The Last shall be First
I’m not sure who told me such or where I might have read it, but I seem to have understood that when an Orthodox family moves they will traditionally leave their Icons to be the very last items packed, and upon arrival at the new home they will be the very first items unpacked.
We followed this tradition and on the evening prior to the big move I made it a point to pause and look around at all of the home and all of the boxes and general emptiness that can be seen in a home compressed into a pre-moving state of being. I went from room to room and removed the various Icons that had found their way into our home over the past few years. And as I moved toward my packing box near the family altar I would venerate each one and then gently wrap them in paper before burying them into the depths of a most unwholesome and non-lenten box formerly used by Burger King to ship frozen hamburger patties. I tried to pay little attention to this seemingly sacrilegious fact.
Finally, at the Icon corner I began to take the various items down and wrap them tenderly in paper or cloth. Among which were the following: five white Chrismation candles brought me back to that wonderful day over a year ago when my family made the “leap”, the now very dirty and well used lampada which I purchased on my second visit to an Orthodox Church – much to the confusion of my concerned wife, some blessed palm and pussy willow branches from last year’s Palm Sunday, a wonderful little bottle I found engraved with grape vines which I use to hold Holy Water, the Incense and accompanying Hand Censer which I have no idea how to clean, a virtual cornucopia of candles, an array of Icons which have now become amazingly familiar and appealing to me – like old friends, and lastly a large wooden three-barred cross.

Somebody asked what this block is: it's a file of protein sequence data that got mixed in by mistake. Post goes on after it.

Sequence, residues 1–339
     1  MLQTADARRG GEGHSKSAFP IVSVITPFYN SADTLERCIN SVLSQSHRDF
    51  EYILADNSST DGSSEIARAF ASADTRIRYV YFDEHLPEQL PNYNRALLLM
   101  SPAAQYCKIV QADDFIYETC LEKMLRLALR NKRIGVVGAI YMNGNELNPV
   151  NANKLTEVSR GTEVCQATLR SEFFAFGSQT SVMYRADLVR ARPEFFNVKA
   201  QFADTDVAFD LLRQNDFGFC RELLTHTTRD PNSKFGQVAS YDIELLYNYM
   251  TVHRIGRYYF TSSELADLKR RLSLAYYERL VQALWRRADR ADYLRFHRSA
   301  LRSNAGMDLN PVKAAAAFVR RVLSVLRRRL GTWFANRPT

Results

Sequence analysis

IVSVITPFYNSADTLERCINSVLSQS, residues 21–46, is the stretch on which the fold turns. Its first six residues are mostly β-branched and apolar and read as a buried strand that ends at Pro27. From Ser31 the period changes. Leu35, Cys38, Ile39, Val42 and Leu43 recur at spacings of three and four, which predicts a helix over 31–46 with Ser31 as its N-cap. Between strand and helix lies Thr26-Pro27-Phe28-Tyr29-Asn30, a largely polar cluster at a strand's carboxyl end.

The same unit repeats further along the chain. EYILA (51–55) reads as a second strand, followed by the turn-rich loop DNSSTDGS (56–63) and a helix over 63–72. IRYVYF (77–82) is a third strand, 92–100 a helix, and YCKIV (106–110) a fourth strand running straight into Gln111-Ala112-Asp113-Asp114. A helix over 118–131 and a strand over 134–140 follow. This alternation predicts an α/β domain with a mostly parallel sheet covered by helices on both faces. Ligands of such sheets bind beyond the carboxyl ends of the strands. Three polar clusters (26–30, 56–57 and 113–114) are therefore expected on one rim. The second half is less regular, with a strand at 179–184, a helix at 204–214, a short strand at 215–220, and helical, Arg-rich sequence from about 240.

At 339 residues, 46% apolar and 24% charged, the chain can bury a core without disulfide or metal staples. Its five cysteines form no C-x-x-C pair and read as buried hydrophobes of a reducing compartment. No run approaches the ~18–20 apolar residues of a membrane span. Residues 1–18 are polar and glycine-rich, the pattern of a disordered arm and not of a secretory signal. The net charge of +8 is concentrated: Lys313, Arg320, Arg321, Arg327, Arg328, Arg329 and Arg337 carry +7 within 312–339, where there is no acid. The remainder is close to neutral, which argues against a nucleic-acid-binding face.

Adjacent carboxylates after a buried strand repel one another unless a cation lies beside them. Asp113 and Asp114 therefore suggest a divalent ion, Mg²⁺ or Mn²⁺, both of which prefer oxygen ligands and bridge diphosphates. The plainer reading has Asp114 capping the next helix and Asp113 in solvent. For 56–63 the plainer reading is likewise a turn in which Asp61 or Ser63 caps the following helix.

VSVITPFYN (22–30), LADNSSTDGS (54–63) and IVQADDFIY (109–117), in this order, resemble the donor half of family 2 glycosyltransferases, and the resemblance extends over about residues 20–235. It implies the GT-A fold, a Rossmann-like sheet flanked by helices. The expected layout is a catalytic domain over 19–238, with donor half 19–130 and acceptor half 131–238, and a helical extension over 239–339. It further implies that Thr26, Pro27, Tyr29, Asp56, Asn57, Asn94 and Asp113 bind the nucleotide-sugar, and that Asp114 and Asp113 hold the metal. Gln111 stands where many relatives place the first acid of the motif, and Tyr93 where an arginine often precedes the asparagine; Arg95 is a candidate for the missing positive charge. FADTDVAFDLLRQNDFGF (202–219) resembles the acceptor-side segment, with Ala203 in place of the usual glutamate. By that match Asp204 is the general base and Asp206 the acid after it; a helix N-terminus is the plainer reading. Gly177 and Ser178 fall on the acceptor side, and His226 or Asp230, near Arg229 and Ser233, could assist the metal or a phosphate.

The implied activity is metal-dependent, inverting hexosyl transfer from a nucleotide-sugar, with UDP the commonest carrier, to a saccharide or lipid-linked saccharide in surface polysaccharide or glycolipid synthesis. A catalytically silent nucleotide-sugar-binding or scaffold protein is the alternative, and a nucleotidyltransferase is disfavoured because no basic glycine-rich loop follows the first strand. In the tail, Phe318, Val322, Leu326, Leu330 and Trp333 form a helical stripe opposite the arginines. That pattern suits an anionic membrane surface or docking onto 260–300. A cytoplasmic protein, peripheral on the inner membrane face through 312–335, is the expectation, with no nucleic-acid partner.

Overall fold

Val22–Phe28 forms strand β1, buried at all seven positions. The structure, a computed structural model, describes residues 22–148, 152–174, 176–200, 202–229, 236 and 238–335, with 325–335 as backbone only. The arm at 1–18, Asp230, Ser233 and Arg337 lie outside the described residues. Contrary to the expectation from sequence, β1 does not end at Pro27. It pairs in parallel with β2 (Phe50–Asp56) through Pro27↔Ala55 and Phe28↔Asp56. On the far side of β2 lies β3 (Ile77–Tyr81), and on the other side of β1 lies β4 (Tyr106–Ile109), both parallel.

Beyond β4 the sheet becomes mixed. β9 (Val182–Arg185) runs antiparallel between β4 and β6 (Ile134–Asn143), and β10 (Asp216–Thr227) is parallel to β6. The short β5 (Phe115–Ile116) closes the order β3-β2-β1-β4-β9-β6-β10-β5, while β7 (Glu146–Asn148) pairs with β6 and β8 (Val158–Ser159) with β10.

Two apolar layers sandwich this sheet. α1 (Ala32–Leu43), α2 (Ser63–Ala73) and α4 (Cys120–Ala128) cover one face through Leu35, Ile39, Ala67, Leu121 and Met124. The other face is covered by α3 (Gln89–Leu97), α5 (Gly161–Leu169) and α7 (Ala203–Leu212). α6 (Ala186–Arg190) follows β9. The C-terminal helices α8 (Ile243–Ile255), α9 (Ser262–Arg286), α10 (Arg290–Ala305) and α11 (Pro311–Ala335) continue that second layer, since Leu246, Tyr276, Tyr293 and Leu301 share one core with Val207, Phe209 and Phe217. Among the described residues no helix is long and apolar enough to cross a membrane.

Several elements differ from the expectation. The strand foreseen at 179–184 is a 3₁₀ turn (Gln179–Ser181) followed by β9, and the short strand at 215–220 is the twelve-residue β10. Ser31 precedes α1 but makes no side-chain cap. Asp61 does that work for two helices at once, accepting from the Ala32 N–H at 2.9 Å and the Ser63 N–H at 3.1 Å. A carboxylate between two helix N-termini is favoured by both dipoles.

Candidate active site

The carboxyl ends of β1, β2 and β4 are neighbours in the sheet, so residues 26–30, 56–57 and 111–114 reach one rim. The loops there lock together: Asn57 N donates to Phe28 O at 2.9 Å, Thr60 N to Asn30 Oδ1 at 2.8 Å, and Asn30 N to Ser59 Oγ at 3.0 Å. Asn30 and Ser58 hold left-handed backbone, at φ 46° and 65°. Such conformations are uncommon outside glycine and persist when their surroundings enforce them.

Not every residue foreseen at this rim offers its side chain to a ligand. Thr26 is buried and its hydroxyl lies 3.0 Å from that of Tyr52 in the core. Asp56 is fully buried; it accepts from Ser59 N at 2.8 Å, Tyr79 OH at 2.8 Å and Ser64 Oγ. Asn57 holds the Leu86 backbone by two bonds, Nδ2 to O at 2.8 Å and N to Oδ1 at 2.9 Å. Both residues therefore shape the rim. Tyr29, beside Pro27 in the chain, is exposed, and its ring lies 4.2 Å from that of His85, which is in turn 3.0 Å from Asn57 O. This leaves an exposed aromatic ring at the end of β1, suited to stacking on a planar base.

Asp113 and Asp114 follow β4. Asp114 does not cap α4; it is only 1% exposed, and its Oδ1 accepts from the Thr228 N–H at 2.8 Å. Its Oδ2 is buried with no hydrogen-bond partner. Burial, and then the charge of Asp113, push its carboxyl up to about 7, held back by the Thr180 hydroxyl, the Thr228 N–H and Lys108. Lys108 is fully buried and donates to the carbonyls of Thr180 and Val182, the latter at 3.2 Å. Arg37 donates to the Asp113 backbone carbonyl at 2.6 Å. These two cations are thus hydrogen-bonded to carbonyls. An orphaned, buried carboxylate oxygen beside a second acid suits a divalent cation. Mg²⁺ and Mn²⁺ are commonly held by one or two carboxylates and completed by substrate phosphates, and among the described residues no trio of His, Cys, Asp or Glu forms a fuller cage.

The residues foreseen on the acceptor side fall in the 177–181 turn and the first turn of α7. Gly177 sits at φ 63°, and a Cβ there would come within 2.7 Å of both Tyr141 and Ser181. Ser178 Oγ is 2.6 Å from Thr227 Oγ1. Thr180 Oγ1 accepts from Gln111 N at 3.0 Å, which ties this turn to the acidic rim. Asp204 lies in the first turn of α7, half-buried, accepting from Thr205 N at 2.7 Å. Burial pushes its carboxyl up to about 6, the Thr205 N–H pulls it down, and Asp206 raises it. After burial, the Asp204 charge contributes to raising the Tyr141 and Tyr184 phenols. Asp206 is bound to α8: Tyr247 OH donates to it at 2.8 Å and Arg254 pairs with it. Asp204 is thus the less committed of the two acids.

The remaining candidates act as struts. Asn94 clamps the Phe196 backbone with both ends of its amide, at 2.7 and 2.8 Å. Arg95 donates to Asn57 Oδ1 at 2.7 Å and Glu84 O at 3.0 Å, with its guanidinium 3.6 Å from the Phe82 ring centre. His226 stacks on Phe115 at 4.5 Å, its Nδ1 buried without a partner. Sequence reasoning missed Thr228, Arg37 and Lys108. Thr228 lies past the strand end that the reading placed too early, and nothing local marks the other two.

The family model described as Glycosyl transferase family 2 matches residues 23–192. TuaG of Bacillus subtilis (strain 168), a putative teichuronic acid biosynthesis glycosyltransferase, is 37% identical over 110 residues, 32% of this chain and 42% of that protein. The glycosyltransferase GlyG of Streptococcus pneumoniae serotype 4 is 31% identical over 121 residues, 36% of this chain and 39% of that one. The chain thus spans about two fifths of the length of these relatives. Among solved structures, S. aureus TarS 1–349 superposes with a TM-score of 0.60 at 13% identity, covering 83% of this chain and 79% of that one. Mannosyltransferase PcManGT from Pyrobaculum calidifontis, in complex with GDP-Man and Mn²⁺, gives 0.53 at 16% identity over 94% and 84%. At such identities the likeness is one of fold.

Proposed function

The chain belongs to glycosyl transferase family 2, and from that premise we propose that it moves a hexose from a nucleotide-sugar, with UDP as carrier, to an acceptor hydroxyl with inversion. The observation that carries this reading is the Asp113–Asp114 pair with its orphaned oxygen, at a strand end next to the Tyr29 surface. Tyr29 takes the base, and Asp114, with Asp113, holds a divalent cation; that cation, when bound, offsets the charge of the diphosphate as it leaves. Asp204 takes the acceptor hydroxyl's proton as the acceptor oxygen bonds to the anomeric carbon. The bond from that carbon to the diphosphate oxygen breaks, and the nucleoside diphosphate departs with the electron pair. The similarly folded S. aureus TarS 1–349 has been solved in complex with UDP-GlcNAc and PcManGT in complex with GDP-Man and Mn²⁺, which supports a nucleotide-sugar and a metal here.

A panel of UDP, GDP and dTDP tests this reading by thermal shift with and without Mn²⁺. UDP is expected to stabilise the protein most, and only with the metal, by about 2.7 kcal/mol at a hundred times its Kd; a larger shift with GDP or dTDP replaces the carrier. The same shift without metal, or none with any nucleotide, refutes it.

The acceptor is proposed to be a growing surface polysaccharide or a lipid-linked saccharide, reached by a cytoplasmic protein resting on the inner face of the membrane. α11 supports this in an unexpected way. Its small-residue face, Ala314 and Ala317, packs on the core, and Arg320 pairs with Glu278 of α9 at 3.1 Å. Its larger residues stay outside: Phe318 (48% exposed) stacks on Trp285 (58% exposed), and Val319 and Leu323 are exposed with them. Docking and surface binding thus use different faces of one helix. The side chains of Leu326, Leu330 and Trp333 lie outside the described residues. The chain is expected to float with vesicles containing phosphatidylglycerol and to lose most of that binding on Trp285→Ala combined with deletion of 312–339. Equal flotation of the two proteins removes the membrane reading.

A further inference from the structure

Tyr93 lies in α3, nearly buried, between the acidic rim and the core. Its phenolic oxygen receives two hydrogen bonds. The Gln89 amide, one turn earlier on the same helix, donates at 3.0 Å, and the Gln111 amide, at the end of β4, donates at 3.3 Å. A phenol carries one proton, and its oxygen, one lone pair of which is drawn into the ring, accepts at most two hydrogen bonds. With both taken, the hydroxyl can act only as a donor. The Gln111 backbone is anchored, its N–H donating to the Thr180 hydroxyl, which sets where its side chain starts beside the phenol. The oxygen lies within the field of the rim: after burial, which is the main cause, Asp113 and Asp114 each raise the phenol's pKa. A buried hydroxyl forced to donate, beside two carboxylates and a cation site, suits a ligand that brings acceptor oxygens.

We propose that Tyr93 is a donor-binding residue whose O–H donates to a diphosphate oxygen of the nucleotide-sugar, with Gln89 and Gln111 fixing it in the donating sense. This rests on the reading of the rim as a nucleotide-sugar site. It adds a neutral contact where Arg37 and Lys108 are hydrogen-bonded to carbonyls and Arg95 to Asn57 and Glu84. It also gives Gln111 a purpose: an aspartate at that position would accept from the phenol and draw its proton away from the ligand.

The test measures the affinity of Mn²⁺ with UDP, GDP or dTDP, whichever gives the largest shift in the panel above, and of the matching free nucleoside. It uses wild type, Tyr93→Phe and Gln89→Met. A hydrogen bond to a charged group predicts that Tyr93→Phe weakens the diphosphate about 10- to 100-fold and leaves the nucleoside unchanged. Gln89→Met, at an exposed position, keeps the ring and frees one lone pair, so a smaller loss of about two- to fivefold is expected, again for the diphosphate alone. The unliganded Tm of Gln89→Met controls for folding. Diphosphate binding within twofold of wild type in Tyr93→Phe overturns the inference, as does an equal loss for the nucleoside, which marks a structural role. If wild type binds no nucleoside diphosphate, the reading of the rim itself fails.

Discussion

As I pulled the cross down though, I noticed something interesting. There was a very distinct outline of the cross left on the wall from the collection of soot, not doubt from all of the candles and incense burning. It was strikingly distinct and no matter how hard I tried I could not wash the soot off the wall…it would have to be painted, I was sure. Truthfully, I was none too interested in doing that for the new homeowners and so I left it as it was. I imagined that these poor folks would have to look and likely wonder at the strangeness of the image on their new wall. I suppose we had, in a sense left our mark on the home – then again perhaps it is not ours, but God’s mark and if I allow it, it may serve to remind me of the mark that has hopefully been made in the hearts of my family for all the times that we have gathered in that corner to seek God and one another more deeply.
I finished packing the home church items and handed the box to my wife as she would be making the expeditionary venture first thing in the morning and I would be following later with the BIG truck loaded with life’s so called necessities. I arrived at the new home around 11AM and walked inside the living room. On the wall above our old familiar altar was that very same three-barred cross – awaiting it seemed a new dose of soot. I was home.
...offered by Dn. James Ferrenberg, a sinner at 9:40 AM [+]